U.S. nuclear-power generation dropped for a ninth day, the longest streak of declines since October 2010, as Exelon Corp. unexpectedly shut the 1,136-megawatt Byron 2 reactor in Illinois.
Nationwide production slipped 1.1 percent to 78,213 megawatts, or 77 percent of capacity, the lowest level of output since Nov. 22, according to U.S. Nuclear Regulatory Commission data compiled by Bloomberg. Generation was 2 percent less than a year ago with 22 of 104 nuclear reactors offline.
Byron 2, about 85 miles (137 kilometers) west of Chicago, shut after a loss of generator cooling water caused a manual reactor trip, an event report filed with the NRC showed. The unit had been operating at full capacity.
Exelon is investigating the cause of the malfunction, which occurred on the non-nuclear side of the plant, according to a company statement today. The company didn’t say when the unit is expected to return to service.
The unplanned shutdown sent output in the Midwest, the NRC’s Region 3, to the lowest level since May 2. Generation fell 6.4 percent to 16,675 megawatts.
The only other region to post a decline in production was the West, which slipped 0.1 percent to 16,500 megawatts after Entergy Corp.’s Arkansas Nuclear 1 reactor slowed to 80 percent of capacity from 82 percent yesterday. The 843-megawatt plant is about 65 miles northwest of Little Rock.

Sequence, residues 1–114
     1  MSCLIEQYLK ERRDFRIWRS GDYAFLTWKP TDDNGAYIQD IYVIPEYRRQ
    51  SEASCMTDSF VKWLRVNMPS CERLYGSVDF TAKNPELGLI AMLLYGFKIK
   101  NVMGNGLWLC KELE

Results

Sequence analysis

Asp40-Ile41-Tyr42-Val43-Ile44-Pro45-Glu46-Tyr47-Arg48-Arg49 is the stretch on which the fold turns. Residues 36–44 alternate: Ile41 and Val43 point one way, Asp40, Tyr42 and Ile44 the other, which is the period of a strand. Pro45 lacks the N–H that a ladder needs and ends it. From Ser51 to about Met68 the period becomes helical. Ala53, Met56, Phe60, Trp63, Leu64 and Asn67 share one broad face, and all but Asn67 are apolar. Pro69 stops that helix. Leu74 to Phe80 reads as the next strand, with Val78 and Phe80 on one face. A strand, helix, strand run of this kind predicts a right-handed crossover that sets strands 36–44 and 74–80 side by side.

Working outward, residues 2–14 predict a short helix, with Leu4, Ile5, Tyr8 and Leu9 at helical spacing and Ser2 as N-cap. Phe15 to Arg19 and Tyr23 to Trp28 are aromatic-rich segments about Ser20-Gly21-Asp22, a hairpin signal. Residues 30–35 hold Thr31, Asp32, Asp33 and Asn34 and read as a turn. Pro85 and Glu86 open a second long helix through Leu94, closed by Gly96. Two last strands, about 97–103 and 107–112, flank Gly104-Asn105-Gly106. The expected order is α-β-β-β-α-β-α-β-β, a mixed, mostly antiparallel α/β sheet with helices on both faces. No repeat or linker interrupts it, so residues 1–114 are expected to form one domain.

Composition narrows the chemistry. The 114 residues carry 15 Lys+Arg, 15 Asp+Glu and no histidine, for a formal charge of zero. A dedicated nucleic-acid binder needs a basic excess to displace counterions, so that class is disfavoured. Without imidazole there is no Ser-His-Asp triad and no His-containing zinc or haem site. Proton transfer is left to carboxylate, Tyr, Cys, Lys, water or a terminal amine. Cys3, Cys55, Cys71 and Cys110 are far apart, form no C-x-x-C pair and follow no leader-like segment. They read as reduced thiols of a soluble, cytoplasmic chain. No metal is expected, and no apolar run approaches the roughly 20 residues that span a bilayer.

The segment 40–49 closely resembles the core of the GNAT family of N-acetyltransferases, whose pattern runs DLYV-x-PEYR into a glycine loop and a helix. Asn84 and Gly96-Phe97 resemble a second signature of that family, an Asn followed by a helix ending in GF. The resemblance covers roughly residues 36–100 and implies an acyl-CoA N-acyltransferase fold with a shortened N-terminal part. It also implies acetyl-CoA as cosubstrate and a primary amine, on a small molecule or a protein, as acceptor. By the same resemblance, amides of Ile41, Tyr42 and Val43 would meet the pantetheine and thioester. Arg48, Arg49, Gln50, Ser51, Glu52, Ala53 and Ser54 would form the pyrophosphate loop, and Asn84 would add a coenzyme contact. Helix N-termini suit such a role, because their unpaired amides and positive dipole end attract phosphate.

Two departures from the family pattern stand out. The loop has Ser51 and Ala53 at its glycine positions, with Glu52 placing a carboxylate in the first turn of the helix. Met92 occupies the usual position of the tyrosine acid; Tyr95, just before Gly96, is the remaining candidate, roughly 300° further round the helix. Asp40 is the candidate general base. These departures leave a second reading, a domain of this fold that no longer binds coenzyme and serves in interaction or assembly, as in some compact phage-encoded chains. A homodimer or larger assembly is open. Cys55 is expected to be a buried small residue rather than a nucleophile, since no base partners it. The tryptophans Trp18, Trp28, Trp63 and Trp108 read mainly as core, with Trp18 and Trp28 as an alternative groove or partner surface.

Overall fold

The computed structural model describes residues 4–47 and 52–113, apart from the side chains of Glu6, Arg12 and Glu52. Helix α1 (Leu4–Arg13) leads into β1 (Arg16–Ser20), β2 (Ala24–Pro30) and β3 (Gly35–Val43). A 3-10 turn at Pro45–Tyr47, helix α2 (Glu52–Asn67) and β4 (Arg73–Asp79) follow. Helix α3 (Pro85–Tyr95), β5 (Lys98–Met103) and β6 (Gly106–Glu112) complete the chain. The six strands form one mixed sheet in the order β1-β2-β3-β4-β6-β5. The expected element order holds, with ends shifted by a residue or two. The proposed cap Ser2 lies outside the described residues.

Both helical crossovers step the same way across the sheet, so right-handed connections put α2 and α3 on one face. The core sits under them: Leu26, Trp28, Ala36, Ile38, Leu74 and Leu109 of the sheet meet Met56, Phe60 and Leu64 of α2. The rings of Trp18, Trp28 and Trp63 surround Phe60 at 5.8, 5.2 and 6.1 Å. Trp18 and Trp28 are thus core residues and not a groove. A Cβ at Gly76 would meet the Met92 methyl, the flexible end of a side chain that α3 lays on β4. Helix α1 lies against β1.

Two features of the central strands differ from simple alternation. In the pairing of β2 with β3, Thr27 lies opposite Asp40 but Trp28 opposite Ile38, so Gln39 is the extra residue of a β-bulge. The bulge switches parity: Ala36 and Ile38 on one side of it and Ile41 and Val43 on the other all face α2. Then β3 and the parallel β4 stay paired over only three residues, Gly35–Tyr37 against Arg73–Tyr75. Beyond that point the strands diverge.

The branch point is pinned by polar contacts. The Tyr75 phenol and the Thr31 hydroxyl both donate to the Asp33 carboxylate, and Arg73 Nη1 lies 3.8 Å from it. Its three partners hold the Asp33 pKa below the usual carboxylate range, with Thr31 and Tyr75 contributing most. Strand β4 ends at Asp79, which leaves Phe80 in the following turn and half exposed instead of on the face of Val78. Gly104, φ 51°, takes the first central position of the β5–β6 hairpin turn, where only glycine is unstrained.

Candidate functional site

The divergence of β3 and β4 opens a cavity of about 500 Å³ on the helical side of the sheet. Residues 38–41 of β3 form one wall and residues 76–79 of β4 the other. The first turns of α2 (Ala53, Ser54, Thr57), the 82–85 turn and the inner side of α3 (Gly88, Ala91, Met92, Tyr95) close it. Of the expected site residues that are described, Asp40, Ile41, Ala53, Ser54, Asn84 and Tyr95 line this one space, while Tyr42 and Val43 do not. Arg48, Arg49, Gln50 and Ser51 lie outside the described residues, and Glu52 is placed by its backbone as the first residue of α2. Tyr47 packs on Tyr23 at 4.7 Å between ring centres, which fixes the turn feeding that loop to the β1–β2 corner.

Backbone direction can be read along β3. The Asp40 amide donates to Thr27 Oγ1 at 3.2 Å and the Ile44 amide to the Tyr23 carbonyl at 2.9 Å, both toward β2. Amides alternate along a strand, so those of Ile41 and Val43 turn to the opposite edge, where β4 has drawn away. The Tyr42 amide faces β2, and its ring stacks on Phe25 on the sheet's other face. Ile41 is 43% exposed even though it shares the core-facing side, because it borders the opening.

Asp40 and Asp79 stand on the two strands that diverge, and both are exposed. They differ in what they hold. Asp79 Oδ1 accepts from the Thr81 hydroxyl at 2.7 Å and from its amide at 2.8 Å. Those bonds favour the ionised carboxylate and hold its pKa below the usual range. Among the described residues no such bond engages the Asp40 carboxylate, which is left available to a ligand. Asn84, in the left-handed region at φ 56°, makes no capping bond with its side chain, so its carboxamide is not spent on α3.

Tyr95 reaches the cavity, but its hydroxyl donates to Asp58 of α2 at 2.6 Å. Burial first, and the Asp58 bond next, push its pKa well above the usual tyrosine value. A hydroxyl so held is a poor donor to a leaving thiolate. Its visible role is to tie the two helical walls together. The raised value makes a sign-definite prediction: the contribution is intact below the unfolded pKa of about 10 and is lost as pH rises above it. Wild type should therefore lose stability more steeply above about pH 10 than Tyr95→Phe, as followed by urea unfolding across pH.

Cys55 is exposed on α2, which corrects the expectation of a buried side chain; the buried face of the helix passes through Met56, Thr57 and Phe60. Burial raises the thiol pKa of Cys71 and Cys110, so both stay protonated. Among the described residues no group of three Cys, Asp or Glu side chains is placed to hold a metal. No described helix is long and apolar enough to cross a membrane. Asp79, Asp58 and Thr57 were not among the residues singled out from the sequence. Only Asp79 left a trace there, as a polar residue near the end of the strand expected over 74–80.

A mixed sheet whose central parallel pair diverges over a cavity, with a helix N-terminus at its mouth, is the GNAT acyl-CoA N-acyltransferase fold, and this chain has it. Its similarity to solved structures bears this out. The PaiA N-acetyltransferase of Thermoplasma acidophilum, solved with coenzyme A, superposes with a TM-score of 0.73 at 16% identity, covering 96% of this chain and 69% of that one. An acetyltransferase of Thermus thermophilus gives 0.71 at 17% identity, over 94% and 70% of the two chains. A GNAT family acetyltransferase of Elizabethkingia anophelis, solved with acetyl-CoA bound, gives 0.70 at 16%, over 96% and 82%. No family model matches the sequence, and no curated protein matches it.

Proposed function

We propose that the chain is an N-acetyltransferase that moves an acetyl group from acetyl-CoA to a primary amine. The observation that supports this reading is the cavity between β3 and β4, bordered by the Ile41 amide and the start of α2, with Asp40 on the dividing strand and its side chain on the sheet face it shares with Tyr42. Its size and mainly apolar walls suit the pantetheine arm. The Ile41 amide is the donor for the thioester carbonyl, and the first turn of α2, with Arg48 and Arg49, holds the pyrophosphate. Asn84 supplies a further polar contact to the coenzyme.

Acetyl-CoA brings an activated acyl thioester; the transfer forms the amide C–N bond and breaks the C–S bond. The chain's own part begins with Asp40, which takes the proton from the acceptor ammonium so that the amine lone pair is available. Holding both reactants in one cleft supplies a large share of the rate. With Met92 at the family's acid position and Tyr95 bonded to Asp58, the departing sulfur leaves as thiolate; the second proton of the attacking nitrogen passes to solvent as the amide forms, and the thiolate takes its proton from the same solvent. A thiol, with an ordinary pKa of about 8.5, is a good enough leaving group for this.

Nuclear-power production in the Southeastern region of the U.S., known as Region 2, snapped a 13-day decline after Southern Co. boosted the 883-megawatt Hatch 2 reactor to 47 percent of capacity. The unit, which is about 74 miles west of Savannah, Georgia, and was shut for scheduled refueling since Feb. 11, ran at 18 percent of capacity yesterday, commission data showed.
Southeastern generation advanced by 247 megawatts, while the Northeast added nine megawatts, the data showed.
Reactor maintenance shutdowns, usually undertaken in the U.S. spring or fall when energy use is at its lowest, may increase consumption of natural gas and coal to generate electricity. The average refueling down time was 46 days in 2012, according to the Nuclear Energy Institute.